A Florida school district plans to offer a middle school elective course on racism and discrimination this coming school year.
According to its website, the Palm Beach County District’s “Prejudice and Power: A Discourse on Race and Ethnicity in the United States” will give young teens “the opportunity to engage in dialogue about topics such as structural racism and race as a social construct.”
A primary focus of the course will be “analyzing how racism is predicated on divisiveness and power.”
It also will examine “the history of institutionalized racial and ethnic discrimination that denied certain groups privilege and full human rights under the law” and will include topics such as “slavery, segregation, immigration policy, eugenics, and criminal justice.”
Brian Knowles, manager of the district’s office of African, African American, Latino, Holocaust and Gender studies, said George Floyd’s death and subsequent protests “called for faster implementation” of the course.
“This is not about a teacher,” Knowles told WPTV. “This is not about my personal beliefs or opinions about issues. This is more about an unbiased, objective approach to just the realities that exist.”
It’s about creating a safe space to discuss structural racism and race as a social construct, among other topics.
“It’s important for our young people to be able to start to engage in these conversations. Because one of the things we have done wrong as adults is that when we have these conversations, we have lost any sense of being able to dissent and dissent peacefully,” Knowles said.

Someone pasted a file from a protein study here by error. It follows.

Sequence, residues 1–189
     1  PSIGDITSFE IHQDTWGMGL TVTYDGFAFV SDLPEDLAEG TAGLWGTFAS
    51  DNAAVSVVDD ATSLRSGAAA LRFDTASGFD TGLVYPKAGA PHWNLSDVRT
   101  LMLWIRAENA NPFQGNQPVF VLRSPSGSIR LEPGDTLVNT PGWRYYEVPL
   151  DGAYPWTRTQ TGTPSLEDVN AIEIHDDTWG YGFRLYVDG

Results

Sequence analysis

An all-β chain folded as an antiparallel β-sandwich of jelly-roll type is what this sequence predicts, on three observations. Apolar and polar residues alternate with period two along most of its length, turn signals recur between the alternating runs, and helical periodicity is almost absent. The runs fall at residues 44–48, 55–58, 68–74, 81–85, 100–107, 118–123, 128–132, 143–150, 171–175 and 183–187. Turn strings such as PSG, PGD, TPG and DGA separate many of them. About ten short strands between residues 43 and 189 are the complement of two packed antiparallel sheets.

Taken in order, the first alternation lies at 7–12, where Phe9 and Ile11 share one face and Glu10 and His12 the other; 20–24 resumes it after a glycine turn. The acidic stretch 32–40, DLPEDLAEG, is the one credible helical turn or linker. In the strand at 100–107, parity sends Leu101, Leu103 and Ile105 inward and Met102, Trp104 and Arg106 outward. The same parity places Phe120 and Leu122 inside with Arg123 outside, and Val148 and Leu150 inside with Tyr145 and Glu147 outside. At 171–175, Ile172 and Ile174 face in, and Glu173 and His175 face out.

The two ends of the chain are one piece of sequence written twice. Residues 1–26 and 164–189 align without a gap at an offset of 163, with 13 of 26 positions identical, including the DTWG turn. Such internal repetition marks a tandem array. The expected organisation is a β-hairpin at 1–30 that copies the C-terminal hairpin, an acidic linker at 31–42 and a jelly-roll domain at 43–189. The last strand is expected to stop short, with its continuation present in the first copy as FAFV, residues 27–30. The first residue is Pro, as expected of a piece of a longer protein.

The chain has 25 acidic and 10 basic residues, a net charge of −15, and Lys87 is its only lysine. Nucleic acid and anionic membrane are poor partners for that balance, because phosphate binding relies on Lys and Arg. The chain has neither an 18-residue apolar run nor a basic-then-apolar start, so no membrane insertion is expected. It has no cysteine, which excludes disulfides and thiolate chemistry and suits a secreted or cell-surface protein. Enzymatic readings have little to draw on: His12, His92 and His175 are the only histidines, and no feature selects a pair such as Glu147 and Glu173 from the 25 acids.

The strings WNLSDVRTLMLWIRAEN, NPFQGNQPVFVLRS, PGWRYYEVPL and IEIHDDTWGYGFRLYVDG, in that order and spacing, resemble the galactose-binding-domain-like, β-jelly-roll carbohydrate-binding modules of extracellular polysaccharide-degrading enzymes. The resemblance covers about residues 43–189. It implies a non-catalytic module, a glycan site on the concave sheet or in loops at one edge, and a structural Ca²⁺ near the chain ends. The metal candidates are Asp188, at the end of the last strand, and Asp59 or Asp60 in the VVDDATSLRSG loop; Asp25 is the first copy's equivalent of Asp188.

Jim Ring, a Polo Park Middle School teacher, said it is important for middle school-aged children to have options similar to those that exist for high schools. The idea was sparked in his classroom during media coverage of Trayvon Martin case.
“I always look at them like kind of wet cement. You can have more influence and by the time you get to high school, that cement has hardened,” said Ring.
Although WPTV notes not everyone agrees about the course, it goes on to quote Assistant Superintendent Diana Fedderman for its justification: “Maybe not everybody is excited about these spaces, but I think that only proves how incredibly important it is to provide those spaces.”
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